The Securities and Exchange Commission’s
Division of Enforcement is charged with
investigating and prosecuting violations
of the federal securities laws. The agency
is given vast resources to accomplish
this task, and Congress and the courts have made
clear that they expect it to act promptly in accomplishing
its mission. Enforcement actions seeking
penalties long have been subject to the five-year
statute of limitations set forth in 28 U.S.C. §2462.
For years, the SEC sought to not be tied down by
a strict five-year limitation by arguing that the
clock does not start to run until the alleged fraud
is discovered by the agency—a position flatly
rejected by the U.S. Supreme Court last year.1
The last arrow in its quiver to avoid the fiveyear
statute has been its argument that when it
seeks so-called “equitable” remedies, like injunctions
and disgorgement, the limitations period
contained in Section 2462 is inapplicable. This
final effort to avoid statutory time constraints
also may be doomed, however. SEC v. Graham,2
a recent decision from the Southern District of
Florida, if upheld, would require the SEC to timely
investigate and file all enforcement actions
regardless of the remedy sought.
Enforcement actions brought by the SEC may
seek a variety of remedies including civil money
penalties and “equitable” remedies such as
injunctions, disgorgement, and employment bars
and suspensions. Section 2462 explicitly applies
to actions “for the enforcement of any civil fine,
penalty, or forfeiture, pecuniary or otherwise.”
The SEC has taken the position that equitable
remedies do not qualify as penalties under the
statute and therefore are not subject to its fiveyear
In April 2012, the U.S. Court of Appeals for the
Fifth Circuit considered the agency’s position in
SEC v. Bartek.3 In that action, the SEC sued the
issuer and two of its officers for options backdating
more than five years after the alleged scheme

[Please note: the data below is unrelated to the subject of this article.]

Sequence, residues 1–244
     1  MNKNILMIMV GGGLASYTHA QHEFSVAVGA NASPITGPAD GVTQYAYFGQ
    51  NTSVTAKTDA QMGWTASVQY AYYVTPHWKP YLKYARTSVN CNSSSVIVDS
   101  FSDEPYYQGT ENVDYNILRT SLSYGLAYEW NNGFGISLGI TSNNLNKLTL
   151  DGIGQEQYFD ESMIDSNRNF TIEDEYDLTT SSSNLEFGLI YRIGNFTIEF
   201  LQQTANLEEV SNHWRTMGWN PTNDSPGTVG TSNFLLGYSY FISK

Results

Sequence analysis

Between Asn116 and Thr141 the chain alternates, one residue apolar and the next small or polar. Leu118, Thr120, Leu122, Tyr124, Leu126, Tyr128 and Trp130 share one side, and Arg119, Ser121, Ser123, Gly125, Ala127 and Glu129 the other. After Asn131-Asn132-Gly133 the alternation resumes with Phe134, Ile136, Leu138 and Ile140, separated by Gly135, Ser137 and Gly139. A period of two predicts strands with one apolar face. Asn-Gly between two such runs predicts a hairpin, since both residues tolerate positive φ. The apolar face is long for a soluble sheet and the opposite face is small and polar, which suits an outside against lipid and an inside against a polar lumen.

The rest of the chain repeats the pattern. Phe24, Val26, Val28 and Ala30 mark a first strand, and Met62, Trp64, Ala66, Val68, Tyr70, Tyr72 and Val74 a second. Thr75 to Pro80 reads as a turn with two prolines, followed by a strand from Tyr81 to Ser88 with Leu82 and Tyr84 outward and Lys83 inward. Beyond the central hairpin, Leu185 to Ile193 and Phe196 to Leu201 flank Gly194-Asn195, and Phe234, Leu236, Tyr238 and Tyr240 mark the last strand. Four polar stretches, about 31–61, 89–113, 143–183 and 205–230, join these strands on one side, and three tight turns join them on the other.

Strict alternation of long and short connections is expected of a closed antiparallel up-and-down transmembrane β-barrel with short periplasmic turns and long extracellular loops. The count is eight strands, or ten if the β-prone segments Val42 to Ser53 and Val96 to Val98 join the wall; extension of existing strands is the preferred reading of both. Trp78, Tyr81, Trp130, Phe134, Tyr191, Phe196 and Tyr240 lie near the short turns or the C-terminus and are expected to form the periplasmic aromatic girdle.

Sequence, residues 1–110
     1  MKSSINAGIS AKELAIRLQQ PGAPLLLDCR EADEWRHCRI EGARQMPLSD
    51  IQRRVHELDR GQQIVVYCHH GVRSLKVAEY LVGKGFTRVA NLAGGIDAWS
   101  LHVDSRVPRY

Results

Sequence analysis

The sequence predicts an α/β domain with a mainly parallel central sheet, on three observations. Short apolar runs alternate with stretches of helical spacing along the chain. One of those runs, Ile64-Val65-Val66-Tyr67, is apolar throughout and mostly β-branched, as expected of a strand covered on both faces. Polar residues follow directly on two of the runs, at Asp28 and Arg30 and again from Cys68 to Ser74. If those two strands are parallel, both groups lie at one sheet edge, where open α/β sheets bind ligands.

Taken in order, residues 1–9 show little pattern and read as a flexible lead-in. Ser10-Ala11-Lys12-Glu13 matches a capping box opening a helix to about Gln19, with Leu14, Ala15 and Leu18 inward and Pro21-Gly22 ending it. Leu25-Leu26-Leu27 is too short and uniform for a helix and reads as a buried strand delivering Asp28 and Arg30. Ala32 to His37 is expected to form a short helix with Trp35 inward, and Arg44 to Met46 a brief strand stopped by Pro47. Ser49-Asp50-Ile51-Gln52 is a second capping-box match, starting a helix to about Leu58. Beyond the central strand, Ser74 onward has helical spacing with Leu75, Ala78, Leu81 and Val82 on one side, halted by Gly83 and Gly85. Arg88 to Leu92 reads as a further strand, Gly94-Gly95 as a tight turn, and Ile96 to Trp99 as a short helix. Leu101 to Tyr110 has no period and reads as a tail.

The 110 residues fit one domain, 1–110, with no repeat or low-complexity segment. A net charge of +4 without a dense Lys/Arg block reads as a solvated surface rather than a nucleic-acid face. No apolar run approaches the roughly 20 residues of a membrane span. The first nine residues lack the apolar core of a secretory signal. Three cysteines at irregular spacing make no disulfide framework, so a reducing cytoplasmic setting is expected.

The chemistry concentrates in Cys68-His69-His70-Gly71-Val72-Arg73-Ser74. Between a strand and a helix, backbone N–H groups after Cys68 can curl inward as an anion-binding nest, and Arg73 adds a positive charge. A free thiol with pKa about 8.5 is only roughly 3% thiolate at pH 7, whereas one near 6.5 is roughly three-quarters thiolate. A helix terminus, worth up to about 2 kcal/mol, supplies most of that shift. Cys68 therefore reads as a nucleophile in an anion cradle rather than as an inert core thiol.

occurred. It sought an injunction and officer-anddirector
bars for the individuals, arguing that the
statute of limitations set forth in Section 2462 is
limited to a sanction that involves the collecting
of money or property. The Fifth Circuit rejected
the SEC’s narrow definition, finding that the term
“penalty” encompassed a variety of “punishments
imposed by statute as a consequence of the commission
of an offense.”4
The court noted that even remedial sanctions
like those sought by the SEC carry the sting of
punishment, and a determination of whether
the remedies sought are “penalties” subject to
Section 2462 requires objective consideration
by the court of “the degree and extent of the
consequences to the subject of the sanction.”
This analysis, known as the Johnson test articulated
by the U.S. Court of Appeals for the D.C.
Circuit in Johnson v. SEC,5 was employed by the
district court in Bartek, which concluded that
the collateral consequences that would result
from the officer-director bars and injunctions
were punitive, not remedial, in nature.
In affirming the district court’s decision, the
Fifth Circuit noted the penalizing character
of the sanctions sought by the SEC, as distinguished
from remedial sanctions sought only
to prevent future harm. The court explained:
“[t]he SEC’s sought-after remedies would have
a stigmatizing effect and long-lasting repercussions.
Neither remedy addresses past harm
allegedly caused by the [d]efendants. Nor does
either remedy address the prevention of future
harm in light of the minimal likelihood of similar
conduct in the future.”6 Accordingly, the case
was dismissed because it was brought after the
expiration of the five-year limitations period
set forth in Section 2462.
The SEC sought review of the Fifth Circuit’s
decision by the Supreme Court. In its relatively
short certiorari petition, the SEC asserted that
remedies such as injunctions and disciplinary
bars traditionally have been viewed as remedial.
For instance, in Hudson v. United States,
the Supreme Court examined whether banking
debarment sanctions were “criminal” in
nature for double jeopardy purposes, finding
that although the sanctions were “intended
to defer future wrongdoing,” they ultimately
were a civil remedy that “serve[s] to promote
the stability of the banking industry” and were
therefore remedial in nature.7
In Hecht Co. v. Bowles, a 1944 decision,
the Supreme Court wrote that “[t]he historic
injunctive process was designed to deter, not